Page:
By the same time, communications company Verizon Wireless launched a line of Android phones named “DROID”. As a result of the situation; Verizon paid Lucasfilm Ltd. an undisclosed sum for the rights to use this word as a brand name.
And now the real thing, the term “droid” wasn’t even invented by Lucas, or the Star Wars franchise. The term “Droid” was first used in the science fiction story “Robots of the World! Arise!” by Mari Wolf, published in If: Worlds of Science Fiction in July 1952.
Jack shook his head. “It’s crazy. They’re swarming all over Carron City. They’re stopping robots in the streets–household Robs, commercial Droids, all of them.” — Mari Wolf, “Robots of the World! Arise!”
Lucasfilm registered “droid” as a trademark in 1977 (though was not in any way being used to describe a wireless communication device necessarily)
Imagine the benefits Mari Wolf could have made if she had thought of getting her work protected.
The Lawsuit: William Roger Dean vs. James Cameron, Twentieth Century Fox, et al.
In June 2013, album cover artist William Roger Dean filed a lawsuit against James Cameron and Twentieth Century Fox under copyright infringement for the alien planet design in Avatar. Dean claims that Pandora’s look is extremely similar to the fantasy landscapes depicted in his artwork on the books Magnetic Storm, Views, and Dragon’s Dream. The lawsuit cites a number of examples from Cameron’s 3D film, including the alien world’s foliage, floating islands, stone arches, and creature design.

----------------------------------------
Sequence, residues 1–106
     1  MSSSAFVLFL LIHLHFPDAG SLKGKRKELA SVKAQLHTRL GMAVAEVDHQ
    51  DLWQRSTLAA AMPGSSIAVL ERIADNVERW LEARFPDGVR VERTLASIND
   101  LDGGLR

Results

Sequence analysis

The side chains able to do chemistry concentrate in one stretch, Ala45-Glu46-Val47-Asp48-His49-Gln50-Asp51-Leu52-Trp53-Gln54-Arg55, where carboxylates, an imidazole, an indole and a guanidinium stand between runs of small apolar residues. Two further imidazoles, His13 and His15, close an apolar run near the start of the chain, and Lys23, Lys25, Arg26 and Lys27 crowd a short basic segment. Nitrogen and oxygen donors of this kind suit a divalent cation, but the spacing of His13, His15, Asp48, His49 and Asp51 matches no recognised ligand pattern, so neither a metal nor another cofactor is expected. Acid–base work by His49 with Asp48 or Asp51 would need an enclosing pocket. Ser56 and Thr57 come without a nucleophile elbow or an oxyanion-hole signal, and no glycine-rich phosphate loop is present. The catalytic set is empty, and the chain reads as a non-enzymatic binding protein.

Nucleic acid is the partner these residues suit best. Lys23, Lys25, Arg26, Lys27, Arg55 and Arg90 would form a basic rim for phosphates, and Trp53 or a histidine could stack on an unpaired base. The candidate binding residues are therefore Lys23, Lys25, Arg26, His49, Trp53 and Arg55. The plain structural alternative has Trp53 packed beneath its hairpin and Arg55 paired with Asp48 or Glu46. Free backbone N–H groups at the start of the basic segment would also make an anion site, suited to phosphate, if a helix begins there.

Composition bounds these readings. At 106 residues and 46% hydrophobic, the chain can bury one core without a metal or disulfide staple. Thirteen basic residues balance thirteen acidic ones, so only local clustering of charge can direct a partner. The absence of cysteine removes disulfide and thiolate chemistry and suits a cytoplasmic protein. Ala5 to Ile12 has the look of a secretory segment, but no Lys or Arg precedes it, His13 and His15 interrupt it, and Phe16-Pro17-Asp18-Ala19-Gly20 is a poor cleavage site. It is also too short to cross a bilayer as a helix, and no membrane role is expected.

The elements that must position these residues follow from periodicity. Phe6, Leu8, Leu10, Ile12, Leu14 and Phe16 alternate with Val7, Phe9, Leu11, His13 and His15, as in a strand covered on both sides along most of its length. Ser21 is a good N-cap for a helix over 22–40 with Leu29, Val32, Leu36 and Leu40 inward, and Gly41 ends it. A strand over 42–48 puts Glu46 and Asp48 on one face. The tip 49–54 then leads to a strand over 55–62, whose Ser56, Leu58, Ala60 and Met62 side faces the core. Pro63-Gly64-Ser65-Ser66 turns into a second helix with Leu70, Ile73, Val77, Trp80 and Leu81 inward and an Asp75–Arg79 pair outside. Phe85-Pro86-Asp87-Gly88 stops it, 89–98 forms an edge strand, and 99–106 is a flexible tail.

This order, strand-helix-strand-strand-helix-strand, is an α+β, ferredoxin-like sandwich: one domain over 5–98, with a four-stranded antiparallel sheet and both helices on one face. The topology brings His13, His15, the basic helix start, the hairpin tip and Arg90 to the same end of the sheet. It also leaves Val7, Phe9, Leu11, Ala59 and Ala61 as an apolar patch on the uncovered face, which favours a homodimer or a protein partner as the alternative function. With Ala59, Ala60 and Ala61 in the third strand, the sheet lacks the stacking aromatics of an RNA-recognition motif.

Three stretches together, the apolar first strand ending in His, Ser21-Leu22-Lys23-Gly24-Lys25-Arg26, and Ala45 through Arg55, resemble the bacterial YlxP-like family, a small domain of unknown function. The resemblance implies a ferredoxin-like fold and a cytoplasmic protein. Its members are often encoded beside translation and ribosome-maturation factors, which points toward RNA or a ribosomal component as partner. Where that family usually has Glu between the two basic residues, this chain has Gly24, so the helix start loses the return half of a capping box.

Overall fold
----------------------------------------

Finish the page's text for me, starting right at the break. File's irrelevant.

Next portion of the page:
William Roger Dean worked on the album covers for best-selling rock bands including Yes and Asia. Dean is seeking upwards of $50 million in damages, an injunction against distribution, full accounting, and a court order that makes it clear that James Cameron ripped off his work. He also wants those rights enforced and posted on current and any future Avatar projects.
The Hangover Part-II
The Lawsuit: S. Victor Whitmill vs. Warner Bros.
In April 2011, tattoo artist S. Victor Whitmill sued Warner Bros. for a copyright infringement in the film The Hangover Part II. In the film, Stu (Ed Helms) wakes up after a night of debauchery in a Bangkok hotel with a replica of Mike Tyson’s tribal face tattoo. The plaintiff designed the tattoo specifically for Mike Tyson and therefore claimed it was a copyrighted work. Whitmill claimed that Warner Bros. had no right to put his work in the film or in any promotional materials attached to The Hangover Part II.
The lawsuit almost affected the release of the film, and there was the possibility that if the two parties couldn’t come to an agreement, the face tattoo would have to be digitally lifted from Helms’ face for the home video release. Ultimately, Warner Bros. settled Whitmill’s claim for an undisclosed amount, and The Hangover Part II went on to gross $581.4 million worldwide.
In a nutshell, it can be said that the people who are inventing such brilliant innovative ideas are even not aware of the knowledge and futuristic thoughts they possess which can transform the world of technology.
Authored by: Shikhar Sahni, Group Manager, Operations and Abhishek Bhatia, Team Lead, Concept Hackers